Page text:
Stoic in the face of summer stress
When I look back a few years, living in the city was pretty stressful.
The traffic jams on the way to work. One I was involved in resulted in an eight-car pile up as everyone perved at the bikini-clad chicks on the side of the road in a radio station promotion.
Trying to find a park, failing, and resorting to hiring one so I could get to work on time, only to find someone else parked in it at least once a week.
Someone stole my beloved Toyota Corolla from outside my house and burnt it out, and I came home from a holiday once to find someone had broken in and trashed the place. I was rather affronted to find they had rifled through my knickers’ draw but hadn’t taken any. I know they weren’t the flashest things out, but what was wrong with them?
Since moving to the country, things have been stressful on occasion too. Tackling the drive to work in snow or frost can be challenging at times, as can making sure you have water in the tanks and firewood in the shed.
My house burnt down rather randomly while I was away one weekend, leaving me with just the bag of clothes I had with me.
If you’ve always thought buying a whole new wardrobe would be a dream come true, believe me it’s not if you’re starting from scratch and keep thinking about all the stuff you’ve lost.
What was surprising was how my new community rallied around to help. Kids at the local school wrote letters, people dropped off food and furniture and everything you could think of to make the going a bit easier, for which I’ll forever be grateful.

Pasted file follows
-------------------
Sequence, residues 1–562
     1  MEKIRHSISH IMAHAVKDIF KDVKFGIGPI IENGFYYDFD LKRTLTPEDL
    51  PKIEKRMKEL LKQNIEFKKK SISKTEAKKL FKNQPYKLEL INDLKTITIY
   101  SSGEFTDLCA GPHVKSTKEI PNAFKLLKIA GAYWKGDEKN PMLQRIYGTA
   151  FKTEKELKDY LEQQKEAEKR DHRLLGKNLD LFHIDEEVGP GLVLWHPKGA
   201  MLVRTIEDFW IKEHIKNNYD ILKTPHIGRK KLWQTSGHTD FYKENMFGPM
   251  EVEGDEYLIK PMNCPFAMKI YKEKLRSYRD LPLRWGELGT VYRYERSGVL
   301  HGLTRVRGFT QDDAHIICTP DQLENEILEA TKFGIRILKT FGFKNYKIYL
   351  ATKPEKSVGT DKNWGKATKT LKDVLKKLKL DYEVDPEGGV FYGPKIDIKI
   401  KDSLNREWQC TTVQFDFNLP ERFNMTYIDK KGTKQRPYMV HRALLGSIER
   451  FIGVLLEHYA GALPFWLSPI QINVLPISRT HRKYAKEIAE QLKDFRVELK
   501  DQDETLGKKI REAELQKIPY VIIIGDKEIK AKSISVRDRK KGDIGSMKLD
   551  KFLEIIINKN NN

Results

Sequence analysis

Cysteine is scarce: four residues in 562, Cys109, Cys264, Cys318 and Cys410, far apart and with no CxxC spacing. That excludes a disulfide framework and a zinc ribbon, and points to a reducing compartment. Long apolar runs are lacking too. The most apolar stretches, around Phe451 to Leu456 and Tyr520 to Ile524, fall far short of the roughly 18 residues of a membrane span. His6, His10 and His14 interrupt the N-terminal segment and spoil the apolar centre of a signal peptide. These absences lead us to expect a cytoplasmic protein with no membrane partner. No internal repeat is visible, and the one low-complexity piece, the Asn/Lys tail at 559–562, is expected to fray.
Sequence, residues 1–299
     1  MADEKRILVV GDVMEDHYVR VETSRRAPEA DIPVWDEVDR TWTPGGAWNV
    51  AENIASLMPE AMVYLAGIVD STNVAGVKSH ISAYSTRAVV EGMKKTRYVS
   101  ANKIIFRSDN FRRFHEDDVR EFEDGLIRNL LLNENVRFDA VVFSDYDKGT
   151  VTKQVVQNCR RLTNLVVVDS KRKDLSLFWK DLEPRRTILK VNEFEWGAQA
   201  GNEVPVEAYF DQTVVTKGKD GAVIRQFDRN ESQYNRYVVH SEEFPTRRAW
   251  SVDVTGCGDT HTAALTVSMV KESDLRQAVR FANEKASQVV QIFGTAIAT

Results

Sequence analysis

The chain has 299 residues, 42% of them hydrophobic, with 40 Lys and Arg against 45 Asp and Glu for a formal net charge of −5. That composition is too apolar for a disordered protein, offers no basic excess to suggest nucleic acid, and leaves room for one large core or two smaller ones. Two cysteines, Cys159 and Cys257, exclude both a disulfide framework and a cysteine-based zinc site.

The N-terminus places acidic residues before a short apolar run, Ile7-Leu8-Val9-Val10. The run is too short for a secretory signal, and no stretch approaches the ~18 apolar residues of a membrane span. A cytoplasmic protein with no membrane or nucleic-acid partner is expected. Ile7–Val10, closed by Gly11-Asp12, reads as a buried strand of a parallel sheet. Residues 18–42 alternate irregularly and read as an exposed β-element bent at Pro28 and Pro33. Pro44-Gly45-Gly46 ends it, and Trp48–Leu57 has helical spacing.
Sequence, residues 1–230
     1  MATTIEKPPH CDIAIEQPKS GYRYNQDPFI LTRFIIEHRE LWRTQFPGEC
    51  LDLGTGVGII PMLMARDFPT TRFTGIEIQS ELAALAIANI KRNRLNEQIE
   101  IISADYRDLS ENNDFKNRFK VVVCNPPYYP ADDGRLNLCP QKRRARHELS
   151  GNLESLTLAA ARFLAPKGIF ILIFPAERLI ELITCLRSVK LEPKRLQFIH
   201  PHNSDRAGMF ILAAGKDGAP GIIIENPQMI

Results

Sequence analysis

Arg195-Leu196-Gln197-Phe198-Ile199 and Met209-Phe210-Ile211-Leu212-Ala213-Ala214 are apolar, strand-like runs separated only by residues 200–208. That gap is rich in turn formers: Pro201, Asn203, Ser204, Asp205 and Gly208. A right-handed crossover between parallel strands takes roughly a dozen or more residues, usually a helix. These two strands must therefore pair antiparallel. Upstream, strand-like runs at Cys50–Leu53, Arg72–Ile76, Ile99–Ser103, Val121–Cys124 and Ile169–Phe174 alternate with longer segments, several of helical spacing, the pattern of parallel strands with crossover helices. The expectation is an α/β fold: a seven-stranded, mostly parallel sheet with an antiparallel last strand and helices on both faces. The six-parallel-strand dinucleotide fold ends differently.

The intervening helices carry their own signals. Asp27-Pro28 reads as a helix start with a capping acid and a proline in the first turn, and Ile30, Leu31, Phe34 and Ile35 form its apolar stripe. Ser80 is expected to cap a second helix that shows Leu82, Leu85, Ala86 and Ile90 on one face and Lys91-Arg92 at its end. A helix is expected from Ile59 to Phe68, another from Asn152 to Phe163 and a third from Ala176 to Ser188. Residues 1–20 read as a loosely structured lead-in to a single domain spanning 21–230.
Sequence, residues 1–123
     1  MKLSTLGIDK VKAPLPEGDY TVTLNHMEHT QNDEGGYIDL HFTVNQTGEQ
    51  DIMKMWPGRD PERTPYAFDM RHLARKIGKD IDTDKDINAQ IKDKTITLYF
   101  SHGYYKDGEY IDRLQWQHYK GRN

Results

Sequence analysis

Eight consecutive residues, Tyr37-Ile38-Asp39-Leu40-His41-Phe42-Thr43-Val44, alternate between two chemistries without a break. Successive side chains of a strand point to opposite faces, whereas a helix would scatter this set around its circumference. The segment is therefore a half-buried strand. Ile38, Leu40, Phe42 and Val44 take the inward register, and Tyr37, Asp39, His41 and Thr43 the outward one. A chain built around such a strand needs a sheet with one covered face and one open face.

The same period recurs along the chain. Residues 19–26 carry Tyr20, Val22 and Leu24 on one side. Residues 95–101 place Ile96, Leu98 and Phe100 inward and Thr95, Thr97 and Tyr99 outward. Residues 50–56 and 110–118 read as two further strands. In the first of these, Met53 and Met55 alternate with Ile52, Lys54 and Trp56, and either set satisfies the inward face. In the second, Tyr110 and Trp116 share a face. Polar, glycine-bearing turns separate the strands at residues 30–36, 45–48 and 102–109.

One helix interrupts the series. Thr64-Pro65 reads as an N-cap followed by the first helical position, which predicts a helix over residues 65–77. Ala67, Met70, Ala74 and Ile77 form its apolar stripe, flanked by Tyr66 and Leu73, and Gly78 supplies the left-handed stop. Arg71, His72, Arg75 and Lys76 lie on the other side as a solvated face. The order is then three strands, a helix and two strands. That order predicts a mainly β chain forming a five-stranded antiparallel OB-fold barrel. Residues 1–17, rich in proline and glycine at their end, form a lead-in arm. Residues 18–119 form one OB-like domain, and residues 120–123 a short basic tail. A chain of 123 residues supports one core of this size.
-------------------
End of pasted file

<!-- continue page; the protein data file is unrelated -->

Now they’ll step up again to help their farming neighbours through a drought, which is about the most stressful thing a rural community can live through.
Floods recede and life returns close to normal once the river drops, but droughts can last months. This uninitiated former townie is learning now that the hot weather might make it easy to find that annoying leak in your water scheme, but watching your profit go down the driveway in a truck because you’ve had to destock isn’t pretty. Coming back up the driveway might be another truck carrying baleage, which like everything costs more than it should when you need it most.
Ever heard of the Argentine Stem Weevil? Porina? Did you know sheep can get pleurisy? Me either, but they’re just some of the consequences of the Big Dry.
Probably the best word to describe farmers in my neck of the woods at the moment is stoic. They’ve got one eye permanently on the heavens and the other on the forecast. Most have been here before, but few are admitting this is the worst they’ve seen it.
They’re still out there every day in 30+ degrees, willing their winter crops to grow and keep their stock hydrated.
That’s something they’re struggling with themselves - the swimming hole’s getting shallower by the day and the local pub is struggling to keep the beer cold.
Farmers have one eye permanently on the heavens and the other on the forecast.